Dr. David Mielke, Retired Dean, College of Business at Eastern Michigan University
During the campaign we were told of the millions of new jobs created since 2008 and that the unemployment rate had dropped below 8%. The focus now is on the “fiscal cliff”. However, we have a more serious long term problem so while trying to get a deal to avert the fiscal cliff, will anyone look longer term? It is necessary and the “Right Thing to do”. Let’s look at some issues:
1. The number of Americans now working part-time has soared to 8.3 million. Up 313,000, almost the entire job growth in the past two months.
2. Our unemployment rate is 7.9%, but 14.6% when accounting for involuntary part-time workers.
3. The number of full-time workers has declined by 5.9 million since 2007, while the number working part-time has jumped 2.6 million.
4. Since 2007, low wage occupations have grown nearly 3 times faster than mid-wage and high-wage jobs. Low wage jobs were 21% of losses during the recession, they have accounted for 58% of new jobs and these have the highest percentage of part-tme. By contrast mid wage jobs had 60% of the losses but have been 22% of the recovery. Higher wage lost 19% and have recovered 20% of the total jobs.
5. The lower wage occupations that have seen the most growth are retail salespersons, food preparation workers, laborers and freight workers, waiters and waitresses, personal and home-care aides, office clerks and customer representatives. Over the past 2 years food service, retail and employment service industries added a total of 1.7 million low wage jobs, 43% of America’s net job growth.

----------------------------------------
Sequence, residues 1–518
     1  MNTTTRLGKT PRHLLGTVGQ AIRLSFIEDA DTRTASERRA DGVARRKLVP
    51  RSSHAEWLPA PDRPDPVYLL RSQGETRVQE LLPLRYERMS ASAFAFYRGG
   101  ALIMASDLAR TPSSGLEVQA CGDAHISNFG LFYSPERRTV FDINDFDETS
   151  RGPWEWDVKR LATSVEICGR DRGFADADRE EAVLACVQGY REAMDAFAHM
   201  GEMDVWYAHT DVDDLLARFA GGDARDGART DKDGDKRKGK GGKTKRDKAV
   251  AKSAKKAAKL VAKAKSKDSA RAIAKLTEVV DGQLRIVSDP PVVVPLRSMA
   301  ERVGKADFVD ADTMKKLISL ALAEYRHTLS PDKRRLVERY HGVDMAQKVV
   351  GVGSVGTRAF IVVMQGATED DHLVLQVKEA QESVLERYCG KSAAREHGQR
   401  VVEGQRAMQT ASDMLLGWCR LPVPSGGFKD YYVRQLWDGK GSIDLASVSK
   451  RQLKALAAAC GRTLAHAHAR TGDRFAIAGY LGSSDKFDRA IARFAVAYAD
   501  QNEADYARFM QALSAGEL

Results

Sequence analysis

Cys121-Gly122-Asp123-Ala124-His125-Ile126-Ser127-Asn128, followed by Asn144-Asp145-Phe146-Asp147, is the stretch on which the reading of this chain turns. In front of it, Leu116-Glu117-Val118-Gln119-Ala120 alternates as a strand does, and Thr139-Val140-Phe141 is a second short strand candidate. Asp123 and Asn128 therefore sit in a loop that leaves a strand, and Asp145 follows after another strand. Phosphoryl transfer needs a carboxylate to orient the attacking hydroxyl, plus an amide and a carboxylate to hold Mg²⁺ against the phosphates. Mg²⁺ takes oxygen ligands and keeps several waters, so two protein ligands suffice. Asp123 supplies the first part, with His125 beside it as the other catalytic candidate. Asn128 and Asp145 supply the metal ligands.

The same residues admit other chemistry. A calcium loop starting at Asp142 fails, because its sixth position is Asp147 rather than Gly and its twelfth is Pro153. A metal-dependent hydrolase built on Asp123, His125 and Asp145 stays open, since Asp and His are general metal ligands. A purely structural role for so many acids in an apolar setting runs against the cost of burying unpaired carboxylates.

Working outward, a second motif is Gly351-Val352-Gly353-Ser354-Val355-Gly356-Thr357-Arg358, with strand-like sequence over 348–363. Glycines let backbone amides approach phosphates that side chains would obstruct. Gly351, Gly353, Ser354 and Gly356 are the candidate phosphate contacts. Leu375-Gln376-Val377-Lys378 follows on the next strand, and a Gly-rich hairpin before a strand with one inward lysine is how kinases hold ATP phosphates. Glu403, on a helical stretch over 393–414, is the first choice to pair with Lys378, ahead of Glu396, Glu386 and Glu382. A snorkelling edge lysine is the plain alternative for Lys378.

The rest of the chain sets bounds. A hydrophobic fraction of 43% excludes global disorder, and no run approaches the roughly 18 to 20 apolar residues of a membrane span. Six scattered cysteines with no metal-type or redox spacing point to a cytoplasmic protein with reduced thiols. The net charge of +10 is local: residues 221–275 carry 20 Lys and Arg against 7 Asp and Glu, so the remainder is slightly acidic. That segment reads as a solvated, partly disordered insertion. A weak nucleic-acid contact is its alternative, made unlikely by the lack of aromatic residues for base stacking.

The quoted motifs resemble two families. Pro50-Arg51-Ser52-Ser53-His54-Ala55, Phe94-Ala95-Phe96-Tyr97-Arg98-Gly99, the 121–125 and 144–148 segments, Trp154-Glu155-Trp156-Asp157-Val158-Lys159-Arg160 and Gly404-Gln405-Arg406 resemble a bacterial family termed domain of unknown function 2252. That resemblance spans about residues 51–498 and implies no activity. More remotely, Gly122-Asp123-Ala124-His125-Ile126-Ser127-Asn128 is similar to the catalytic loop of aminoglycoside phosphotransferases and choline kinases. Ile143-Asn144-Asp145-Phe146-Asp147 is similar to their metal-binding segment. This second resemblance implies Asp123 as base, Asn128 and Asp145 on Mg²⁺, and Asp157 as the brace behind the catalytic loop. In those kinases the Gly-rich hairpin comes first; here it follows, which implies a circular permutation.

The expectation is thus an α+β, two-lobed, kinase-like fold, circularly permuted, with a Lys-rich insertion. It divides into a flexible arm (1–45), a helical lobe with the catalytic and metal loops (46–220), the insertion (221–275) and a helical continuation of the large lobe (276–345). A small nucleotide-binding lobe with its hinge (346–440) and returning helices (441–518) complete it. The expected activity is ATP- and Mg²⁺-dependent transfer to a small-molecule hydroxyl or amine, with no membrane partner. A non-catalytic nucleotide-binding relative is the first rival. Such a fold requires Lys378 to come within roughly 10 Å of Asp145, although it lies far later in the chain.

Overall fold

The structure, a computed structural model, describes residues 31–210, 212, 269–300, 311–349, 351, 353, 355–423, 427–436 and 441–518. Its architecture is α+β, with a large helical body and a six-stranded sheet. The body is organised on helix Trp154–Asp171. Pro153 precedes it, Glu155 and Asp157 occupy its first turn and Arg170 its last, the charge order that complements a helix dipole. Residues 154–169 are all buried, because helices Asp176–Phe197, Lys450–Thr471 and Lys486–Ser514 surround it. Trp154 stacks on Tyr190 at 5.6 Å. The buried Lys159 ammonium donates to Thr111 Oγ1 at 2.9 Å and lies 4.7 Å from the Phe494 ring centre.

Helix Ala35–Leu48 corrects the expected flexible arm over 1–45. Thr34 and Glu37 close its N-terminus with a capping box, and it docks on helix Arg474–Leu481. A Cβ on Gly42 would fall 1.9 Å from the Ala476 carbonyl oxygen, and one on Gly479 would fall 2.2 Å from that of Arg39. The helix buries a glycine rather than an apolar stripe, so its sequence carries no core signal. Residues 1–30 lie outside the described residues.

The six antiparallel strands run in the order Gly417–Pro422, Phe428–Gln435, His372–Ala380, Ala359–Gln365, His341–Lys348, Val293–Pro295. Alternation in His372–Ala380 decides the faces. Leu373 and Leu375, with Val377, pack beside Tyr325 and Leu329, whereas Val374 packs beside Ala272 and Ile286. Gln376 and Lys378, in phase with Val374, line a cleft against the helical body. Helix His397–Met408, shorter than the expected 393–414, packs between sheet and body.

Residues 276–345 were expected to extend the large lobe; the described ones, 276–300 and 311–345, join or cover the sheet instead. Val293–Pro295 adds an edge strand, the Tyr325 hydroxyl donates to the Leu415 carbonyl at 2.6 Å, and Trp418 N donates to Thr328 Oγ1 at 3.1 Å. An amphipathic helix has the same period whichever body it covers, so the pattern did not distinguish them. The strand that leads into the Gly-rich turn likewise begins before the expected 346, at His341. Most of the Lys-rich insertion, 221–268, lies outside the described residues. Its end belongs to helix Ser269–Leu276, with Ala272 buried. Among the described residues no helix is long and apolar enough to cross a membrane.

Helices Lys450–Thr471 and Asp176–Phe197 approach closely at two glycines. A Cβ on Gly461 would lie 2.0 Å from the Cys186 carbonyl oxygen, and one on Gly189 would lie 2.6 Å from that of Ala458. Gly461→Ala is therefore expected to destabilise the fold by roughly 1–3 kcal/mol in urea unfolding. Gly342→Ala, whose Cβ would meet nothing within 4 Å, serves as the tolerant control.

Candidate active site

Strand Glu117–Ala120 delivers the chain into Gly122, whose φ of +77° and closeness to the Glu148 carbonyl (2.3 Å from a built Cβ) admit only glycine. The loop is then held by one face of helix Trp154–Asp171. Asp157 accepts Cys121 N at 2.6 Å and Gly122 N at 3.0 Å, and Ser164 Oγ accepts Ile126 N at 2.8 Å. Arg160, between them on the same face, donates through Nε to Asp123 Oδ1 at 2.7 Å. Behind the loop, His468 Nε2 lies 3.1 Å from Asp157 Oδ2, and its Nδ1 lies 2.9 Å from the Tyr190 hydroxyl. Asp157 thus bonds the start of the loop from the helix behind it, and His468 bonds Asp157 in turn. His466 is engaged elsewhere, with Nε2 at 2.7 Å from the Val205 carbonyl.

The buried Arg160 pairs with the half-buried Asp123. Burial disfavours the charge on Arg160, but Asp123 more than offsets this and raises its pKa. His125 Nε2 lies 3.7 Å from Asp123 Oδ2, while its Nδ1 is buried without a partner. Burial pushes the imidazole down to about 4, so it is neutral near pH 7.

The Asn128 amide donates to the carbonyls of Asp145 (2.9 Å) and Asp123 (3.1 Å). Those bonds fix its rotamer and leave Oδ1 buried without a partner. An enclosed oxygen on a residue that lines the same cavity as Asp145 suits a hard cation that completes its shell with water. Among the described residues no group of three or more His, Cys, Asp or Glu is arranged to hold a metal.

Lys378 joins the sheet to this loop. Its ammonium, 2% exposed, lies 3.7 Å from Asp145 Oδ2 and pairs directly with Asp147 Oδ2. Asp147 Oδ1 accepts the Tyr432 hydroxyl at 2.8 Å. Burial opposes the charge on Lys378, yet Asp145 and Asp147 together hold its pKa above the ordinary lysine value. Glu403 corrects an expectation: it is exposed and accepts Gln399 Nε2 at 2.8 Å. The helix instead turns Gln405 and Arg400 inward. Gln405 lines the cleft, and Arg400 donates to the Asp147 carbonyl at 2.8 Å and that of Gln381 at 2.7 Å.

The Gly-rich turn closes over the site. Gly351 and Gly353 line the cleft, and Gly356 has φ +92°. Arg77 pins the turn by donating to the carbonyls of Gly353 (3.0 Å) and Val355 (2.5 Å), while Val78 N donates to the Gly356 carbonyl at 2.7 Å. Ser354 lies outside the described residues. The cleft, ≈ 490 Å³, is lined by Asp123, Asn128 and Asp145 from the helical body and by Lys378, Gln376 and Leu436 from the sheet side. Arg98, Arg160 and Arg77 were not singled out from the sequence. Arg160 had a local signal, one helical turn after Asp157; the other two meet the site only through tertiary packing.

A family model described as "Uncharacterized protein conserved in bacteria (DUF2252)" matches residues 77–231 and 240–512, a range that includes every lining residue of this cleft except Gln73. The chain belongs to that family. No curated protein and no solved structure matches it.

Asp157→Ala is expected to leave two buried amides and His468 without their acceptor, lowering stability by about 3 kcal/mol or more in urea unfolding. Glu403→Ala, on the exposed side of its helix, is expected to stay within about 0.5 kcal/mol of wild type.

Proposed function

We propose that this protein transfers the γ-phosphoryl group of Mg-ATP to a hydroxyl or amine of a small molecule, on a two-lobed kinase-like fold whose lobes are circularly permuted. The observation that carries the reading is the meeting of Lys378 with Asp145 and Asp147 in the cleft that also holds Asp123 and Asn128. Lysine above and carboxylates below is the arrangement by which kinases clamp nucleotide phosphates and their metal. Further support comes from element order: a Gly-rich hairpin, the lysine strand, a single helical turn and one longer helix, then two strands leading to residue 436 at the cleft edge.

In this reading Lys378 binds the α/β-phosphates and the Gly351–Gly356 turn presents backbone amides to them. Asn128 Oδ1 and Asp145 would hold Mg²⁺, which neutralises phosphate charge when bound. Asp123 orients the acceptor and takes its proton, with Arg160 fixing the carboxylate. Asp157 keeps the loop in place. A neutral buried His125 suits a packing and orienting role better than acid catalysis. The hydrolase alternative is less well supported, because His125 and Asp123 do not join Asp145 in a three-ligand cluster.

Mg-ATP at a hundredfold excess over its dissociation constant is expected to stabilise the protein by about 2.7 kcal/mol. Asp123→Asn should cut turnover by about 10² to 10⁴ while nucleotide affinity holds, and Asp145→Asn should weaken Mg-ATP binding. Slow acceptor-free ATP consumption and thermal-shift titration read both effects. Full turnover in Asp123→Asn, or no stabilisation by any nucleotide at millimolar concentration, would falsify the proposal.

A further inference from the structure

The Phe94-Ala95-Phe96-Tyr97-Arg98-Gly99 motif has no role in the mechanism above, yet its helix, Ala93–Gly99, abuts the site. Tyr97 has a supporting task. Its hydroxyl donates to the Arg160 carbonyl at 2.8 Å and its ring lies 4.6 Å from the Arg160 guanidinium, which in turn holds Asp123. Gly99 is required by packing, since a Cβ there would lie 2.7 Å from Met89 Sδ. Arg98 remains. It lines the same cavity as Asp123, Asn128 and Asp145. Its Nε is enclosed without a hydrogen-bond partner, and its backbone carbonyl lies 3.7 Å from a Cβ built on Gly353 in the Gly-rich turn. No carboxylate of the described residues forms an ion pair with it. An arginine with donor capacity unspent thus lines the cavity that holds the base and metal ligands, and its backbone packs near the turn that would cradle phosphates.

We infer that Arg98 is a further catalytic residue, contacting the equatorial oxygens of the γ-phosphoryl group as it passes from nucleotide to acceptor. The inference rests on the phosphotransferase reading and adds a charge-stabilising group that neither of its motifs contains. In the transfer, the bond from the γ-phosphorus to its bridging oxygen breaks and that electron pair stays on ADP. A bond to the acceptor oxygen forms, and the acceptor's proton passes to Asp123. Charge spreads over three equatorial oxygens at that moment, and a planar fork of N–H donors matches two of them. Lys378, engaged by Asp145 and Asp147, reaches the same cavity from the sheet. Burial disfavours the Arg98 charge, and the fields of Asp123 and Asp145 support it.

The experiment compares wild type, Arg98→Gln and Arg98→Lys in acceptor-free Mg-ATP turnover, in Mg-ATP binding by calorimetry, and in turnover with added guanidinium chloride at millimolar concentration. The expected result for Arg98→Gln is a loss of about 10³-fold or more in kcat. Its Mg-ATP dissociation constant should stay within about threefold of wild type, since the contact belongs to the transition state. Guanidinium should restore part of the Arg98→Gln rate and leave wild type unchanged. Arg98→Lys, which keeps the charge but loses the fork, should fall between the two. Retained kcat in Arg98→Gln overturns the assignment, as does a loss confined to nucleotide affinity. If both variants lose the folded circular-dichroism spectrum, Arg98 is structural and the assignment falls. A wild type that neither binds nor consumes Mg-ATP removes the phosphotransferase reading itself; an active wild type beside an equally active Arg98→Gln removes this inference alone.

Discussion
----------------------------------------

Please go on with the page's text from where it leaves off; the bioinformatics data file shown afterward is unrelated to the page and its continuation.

6. To make matters worse, low wage jobs have seen pay decline by 2.1%, mid wage jobs decline 2.0% over the past year.
7. ObamaCare will accelerate the trend to part-time workers because they are not covered by employers. We have already heard of restaurant chins reducing the number of full-time people and converting them to part-time.
We are at a critical point for economy and the trend to part-time is being seen more and more as a long term trend and a structural problem rather than something that will be better when the economy turns around. Congress and the President must deal with the “fiscal cliff” but they can’t do so again with a couple of short-term, one year fixes. They must look at the longer term and the structural trends we see in the labor market. It is the “Right Thing to do.” Unless we do, we will continue to see a shrinking middle class and a nation of part-time people. The Pew Research Center found that one-third of Americans now view themselves as lower class or lower middle class, up from one quarter in 2008. Unfortunately, they may be right as we still have 23 million people unemployed or underemployed—and no plan for our administration!